First-time homebuyers wish they had a
second chance, report finds
Survey shows many would make bigger down
payment, be better prepared for process
By Tracy Sherlock, Vancouver SunAugust
Buying a first home is one of life's most significant purchases, and a new poll shows many first-time homebuyers wish they had done things differently.
More than half of those who were asked said they would make a bigger down payment and that they would buy a home sooner, the 2012 TD Canada Trust First Time Home Buyers Report found.
"The survey results reveal that people generally want the best of both worlds, to be able to buy a home sooner and to have a bigger down payment," said Brett Currah, district vice-president, TD Canada Trust. "What it means at the end of the day, though, is that planning becomes critical."
Richmond mortgage broker Chris Pughe said the most important thing to consider is whether you can afford your monthly payments. The size of your down payment or the timing of your purchase is not as important as being sure to buy a home that is within your means, Pughe said.
With a five-year fixed rate, monthly payments are fixed, but for buyers who chose variable-rate mortgages, Currah suggests factoring a potential rate increase into your budget.
He also suggests adding a clause that lets you lock in at a fixed rate if market volatility makes you nervous down the road.
Many first-time homebuyers said they could have been better prepared and more thorough when budgeting, the poll found. Thirty-seven per cent of those surveyed did not budget for ongoing costs such as maintenance and utilities, while 17 per cent overlooked some of the one-time charges like inspection fees and five per cent didn't budget for anything beyond the down payment and mortgage payment.
"When setting a budget for home ownership, you not only need to consider all the upfront costs but the ongoing costs that will become a part of your monthly expenses. Having a realistic picture of your new monthly expenses will give you a clear understanding of what you can afford and help you decide on the mortgage term and repayment plan that you'll be comfortable with," Currah said.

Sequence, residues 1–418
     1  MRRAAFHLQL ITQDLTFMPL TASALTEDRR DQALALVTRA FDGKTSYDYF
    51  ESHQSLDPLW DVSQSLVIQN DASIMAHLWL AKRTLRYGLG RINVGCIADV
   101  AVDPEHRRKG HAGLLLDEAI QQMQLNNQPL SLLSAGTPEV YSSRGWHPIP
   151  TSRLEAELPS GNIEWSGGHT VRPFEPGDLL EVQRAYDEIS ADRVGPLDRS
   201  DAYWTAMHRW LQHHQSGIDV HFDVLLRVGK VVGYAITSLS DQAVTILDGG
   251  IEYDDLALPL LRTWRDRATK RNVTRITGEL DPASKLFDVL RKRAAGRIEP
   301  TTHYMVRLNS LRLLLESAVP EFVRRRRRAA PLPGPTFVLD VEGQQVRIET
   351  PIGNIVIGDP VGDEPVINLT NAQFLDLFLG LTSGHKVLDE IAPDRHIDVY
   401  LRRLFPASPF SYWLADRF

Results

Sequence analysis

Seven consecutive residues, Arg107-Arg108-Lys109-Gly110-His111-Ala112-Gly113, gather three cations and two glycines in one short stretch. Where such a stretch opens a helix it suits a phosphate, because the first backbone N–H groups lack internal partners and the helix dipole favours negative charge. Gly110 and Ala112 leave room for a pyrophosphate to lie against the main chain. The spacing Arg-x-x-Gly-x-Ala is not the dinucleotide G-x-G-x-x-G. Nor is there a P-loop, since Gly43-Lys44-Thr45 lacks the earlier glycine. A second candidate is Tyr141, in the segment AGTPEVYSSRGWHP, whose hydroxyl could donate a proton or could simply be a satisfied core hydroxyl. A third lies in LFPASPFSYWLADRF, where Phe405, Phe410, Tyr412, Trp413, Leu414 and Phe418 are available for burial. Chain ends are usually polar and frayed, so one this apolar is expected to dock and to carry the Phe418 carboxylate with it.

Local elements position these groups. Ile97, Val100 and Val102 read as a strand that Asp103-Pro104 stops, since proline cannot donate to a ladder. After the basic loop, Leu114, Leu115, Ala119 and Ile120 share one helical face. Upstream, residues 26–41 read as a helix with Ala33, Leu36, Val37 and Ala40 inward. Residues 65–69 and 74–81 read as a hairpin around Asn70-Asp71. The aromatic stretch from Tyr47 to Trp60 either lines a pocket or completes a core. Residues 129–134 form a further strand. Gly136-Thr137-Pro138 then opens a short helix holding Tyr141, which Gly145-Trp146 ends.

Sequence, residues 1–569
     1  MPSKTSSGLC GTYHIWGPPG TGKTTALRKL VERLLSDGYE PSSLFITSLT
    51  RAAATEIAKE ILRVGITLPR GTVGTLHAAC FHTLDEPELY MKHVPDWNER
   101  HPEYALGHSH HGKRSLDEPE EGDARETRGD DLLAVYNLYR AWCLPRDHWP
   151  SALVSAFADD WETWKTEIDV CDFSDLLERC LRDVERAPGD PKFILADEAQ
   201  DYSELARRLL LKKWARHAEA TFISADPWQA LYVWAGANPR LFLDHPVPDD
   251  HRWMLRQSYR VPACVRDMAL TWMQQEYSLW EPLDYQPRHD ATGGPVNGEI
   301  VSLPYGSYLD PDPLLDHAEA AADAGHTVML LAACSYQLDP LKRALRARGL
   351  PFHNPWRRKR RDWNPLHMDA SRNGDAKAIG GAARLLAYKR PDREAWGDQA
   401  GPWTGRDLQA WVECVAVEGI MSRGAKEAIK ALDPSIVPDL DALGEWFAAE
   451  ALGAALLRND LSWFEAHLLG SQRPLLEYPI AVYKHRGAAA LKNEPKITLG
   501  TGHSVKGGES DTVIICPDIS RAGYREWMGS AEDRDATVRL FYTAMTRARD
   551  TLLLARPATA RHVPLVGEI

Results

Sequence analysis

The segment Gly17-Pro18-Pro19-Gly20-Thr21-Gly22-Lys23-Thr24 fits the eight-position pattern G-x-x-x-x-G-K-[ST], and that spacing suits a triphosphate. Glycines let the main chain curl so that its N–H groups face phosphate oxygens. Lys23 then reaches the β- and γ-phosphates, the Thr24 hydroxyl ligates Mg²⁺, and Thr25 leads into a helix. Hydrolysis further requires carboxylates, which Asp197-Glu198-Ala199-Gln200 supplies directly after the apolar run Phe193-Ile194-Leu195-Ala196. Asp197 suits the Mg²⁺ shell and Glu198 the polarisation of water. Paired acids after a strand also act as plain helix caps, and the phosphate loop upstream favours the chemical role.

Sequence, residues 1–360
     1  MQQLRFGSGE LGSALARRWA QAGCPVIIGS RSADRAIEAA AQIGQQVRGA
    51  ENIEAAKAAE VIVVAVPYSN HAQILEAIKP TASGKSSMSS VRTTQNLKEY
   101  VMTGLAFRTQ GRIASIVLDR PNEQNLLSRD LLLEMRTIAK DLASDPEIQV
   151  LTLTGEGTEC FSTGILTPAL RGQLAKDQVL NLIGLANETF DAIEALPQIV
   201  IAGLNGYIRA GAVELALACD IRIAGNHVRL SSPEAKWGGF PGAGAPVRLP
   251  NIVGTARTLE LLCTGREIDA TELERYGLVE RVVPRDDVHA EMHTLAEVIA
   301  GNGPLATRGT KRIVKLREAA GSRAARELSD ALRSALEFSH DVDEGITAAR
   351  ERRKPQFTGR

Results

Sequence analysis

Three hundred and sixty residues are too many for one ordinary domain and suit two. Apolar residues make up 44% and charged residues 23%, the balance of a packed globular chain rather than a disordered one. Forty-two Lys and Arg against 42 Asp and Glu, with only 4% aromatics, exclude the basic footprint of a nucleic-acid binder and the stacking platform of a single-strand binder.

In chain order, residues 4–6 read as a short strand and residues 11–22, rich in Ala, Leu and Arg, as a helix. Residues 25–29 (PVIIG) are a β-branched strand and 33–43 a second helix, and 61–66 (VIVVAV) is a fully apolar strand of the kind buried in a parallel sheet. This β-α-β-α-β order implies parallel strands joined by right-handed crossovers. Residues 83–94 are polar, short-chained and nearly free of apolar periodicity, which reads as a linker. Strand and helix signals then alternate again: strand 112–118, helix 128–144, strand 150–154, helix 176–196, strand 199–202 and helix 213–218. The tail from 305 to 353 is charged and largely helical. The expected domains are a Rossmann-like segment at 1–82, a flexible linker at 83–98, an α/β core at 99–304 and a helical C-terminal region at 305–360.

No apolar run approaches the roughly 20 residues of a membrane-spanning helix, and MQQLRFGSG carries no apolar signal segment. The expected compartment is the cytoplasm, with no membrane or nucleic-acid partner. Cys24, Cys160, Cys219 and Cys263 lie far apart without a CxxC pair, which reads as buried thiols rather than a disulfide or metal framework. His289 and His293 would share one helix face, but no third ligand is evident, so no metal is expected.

Some of the expenses that come along with buying a home include an inspection fee of $400 and up, but the buyer decides whether they want to do an inspection, Pughe said. Sometimes a lender will require an appraisal of the property, which could cost $300 or more.
Another expense is the property transfer tax, which is waived for first-time home-buyers of homes purchased for less than $425,000, Pughe said. The tax is one per cent of the first $200,000 and two per cent of the remainder. Pughe said many people don't realize that if a couple is buying a property and one of them has not previously been on a property title before, 50 per cent of the tax can be waived on homes purchased for less than $425,000.
Legal fees for a property purchase will cost about $1,100, Pughe said, adding that a highratio buyer will also face CMHC fees, but those will not come out of pocket, they will be added to the mortgage amount.
"There shouldn't be any surprises," Pughe said, but added that strata fees are always subject to change.
Two-thirds of first-time buyers in the province admit they're worried about affording their home if interest rates go up, the survey found.
Despite very low five-year fixed mortgage rates in July, a panel of mortgage experts put together by RateSupermarket. ca does not expect downward movement to continue.
"Due to increasingly poor global economic performance and consistently low Government of Canada bond yields, fixed mortgage rates are not anticipated to change," the panel said in a news release. "Variable mortgage rates are also expected to remain the same due to the Bank of Canada maintaining its key interest rate."
New mortgage rules were brought in last month that shorten the maximum amortization to 25 years from 30, which was expected to deter some first-time homebuyers, although that doesn't appear to be the case. Although sales are slowing in Vancouver, The Sun reported earlier this month that the Real Estate Board of Greater Vancouver's president Eugen Klein said the decline appears to be caused by a drop off in investment buyers, and not declining numbers of first-time buyers.
The TD survey found that most first-time homebuyers save for one to four years for a down payment, and that in B.C. those buyers are equally split between looking for a detached house or a condominium, with townhouses the next most popular choice.
Currah said prospective buyers can learn from other buyers' mistakes.